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Plummer almost Marched

3-22-01, 3:20 p.m.


Bengals wide receiver Chad Plummer, keeping a close eye on his alma mater's run in the NCAA tournament, predicts the University of Cincinnati beats top-seed Stanford in Thursday night's West Region semifinal.

"He's a good coach who knows the situation and can get them ready," said Plummer of UC's Bob Huggins. "Stanford is a good team, but Cincinnati is capable of beating them by playing with confidence."

There was a time when Plummer says Huggins wanted him for the stretch run in March for his skills that allowed UC to use him as both a quarterback and receiver during his senior year. But it never worked out.

Plummer said he would have joined the Bearcats after the '98 football season, but he broke a bone in his foot during a practice at a college football all-star game.

Could the 6-3, 220-pound Plummer been the missing piece when UC got ousted by Temple in the second round of the '99 NCAAs? Plummer had to watch while two of his football mates, future Ravens linebacker Brad Jackson and Brent Petrus, got NCAA time.

"Things happen for a reason," Plummer said. "I'm not saying I would have been a starter. But I know I was as good as (Jackson and Petrus). The other guys play all year, but if those guys played I'm pretty sure I could have."

We'll never know what might have happened against Temple, but we do know Huggins had Plummer on his mind on the grim flight back from Boston.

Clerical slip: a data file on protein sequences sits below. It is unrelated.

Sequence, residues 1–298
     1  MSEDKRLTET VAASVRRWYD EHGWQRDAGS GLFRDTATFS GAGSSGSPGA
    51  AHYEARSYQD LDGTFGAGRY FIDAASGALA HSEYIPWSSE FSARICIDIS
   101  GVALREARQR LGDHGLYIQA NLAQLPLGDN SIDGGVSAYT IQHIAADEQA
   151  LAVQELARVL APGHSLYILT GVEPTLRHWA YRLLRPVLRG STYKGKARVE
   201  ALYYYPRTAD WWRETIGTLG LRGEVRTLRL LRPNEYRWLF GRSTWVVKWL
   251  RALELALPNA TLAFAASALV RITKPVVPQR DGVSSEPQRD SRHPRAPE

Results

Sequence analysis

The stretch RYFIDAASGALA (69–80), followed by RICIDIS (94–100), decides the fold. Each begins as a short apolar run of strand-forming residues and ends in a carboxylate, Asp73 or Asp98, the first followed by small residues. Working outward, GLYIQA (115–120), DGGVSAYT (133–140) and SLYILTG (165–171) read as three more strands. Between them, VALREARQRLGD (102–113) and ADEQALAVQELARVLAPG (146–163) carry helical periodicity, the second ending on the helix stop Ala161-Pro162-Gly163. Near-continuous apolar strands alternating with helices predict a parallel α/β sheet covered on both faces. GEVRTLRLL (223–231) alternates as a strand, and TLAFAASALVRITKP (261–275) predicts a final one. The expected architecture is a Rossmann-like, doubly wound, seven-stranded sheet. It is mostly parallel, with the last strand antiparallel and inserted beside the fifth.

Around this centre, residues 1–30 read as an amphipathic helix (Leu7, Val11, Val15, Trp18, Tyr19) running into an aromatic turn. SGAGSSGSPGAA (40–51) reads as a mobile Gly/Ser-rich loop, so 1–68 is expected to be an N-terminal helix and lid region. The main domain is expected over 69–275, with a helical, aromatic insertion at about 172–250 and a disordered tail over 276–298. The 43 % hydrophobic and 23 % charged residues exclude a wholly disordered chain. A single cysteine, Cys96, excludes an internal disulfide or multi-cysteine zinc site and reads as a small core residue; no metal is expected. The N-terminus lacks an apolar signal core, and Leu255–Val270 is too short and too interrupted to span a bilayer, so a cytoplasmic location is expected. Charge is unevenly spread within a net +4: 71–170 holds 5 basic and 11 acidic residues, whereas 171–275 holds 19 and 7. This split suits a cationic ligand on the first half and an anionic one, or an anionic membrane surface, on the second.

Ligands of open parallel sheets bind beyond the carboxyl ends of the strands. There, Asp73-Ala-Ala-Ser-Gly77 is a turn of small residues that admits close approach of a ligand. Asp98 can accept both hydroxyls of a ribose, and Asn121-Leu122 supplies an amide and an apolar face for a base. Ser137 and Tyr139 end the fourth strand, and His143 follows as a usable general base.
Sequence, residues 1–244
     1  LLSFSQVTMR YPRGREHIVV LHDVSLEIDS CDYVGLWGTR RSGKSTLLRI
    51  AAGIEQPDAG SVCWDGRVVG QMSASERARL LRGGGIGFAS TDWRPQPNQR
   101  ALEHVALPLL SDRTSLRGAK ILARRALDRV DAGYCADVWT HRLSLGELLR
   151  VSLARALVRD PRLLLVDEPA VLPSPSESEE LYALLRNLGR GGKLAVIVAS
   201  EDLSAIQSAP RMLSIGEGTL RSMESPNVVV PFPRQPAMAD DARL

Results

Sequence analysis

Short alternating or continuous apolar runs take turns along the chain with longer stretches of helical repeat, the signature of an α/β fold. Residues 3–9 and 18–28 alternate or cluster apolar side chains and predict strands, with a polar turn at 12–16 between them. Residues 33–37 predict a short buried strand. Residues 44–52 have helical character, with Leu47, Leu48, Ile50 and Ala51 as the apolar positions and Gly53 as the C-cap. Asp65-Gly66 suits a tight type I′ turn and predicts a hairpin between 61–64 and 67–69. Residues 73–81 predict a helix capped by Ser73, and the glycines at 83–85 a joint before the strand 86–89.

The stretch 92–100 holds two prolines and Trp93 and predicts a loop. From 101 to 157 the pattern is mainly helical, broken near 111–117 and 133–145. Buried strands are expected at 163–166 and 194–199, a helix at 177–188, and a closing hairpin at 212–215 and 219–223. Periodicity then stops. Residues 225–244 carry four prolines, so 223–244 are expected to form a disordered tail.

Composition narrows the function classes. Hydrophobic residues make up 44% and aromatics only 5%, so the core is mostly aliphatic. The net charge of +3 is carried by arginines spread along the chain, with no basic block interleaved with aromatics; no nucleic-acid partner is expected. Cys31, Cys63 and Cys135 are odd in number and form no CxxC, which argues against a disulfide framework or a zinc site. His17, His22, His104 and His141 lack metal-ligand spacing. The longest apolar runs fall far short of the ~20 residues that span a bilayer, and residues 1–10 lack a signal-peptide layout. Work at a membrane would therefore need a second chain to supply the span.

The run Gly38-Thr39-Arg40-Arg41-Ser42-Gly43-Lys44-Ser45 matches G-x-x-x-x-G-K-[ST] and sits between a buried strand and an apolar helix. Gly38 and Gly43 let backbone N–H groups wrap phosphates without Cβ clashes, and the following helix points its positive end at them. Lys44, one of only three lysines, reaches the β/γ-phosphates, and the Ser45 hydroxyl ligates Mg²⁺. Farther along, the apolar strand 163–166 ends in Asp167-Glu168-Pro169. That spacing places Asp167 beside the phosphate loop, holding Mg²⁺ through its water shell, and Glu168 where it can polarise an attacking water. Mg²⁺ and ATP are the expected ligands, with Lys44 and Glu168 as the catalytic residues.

"Do you think Chad Plummer can play in the NFL?" Huggins asked a sportswriter sitting near him.

The Bengals think he can. So much so that when they signed him to their practice squad last Dec. 7, it was their third attempt to get him.

They wanted to draft him in the seventh-round in the 1999 draft, but the Broncos beat them by five spots with the 204th pick at the end of the sixth round.

Denver cut Plummer at the end of training camp and he ended up on the Colts' practice squad. When the Bengals tried to sign him away from the squad in November to put him on their active roster, Indy responded by activating him for its own roster.

"We've always liked his strength and size," said Jim Lippincott, the Bengals director of pro/college personnel. "I remember even back in the days he was a senior at UC and going back and forth between quarterback and receiver and he just looked more comfortable catching instead of throwing."

Here's a guy who ran, passed and caught for more than 5,000 yards in Clifton, and he's still looking for his first NFL catch after appearing in just four games. The Bengals think he can be a solid contributor as a big, possession receiver. But he'll have to beat out guys like third-rounder Ron Dugans and fourth-rounder Danny Farmer.

"He runs as well as anybody we have and his maneuverability and athleticism is quite good," Lippincott said. "He has to be a more consistent catch, but he can do that."

Plummer figures he would have been a shooting guard or a shooting forward if he played for Huggins. The coach heard about him from his players who saw Plummer play in the gym after football season. They weren't going to let their MVP play hoop before his senior season, but Plummer had no worries about hurting his draft status by playing:

"I figured it would make my stock rise because they could see I was an athlete."

On Thursday, before quarterback Akili Smith took a trio of receivers to the practice field, he overheard Plummer's prediction for a UC victory. Smith, a Pac 10 loyalist, said, "Stanford by 10. They've got those guys in the paint."

Plummer: "I say UC by four or five. Their backcourt."

Once a quarterback, always a quarterback.

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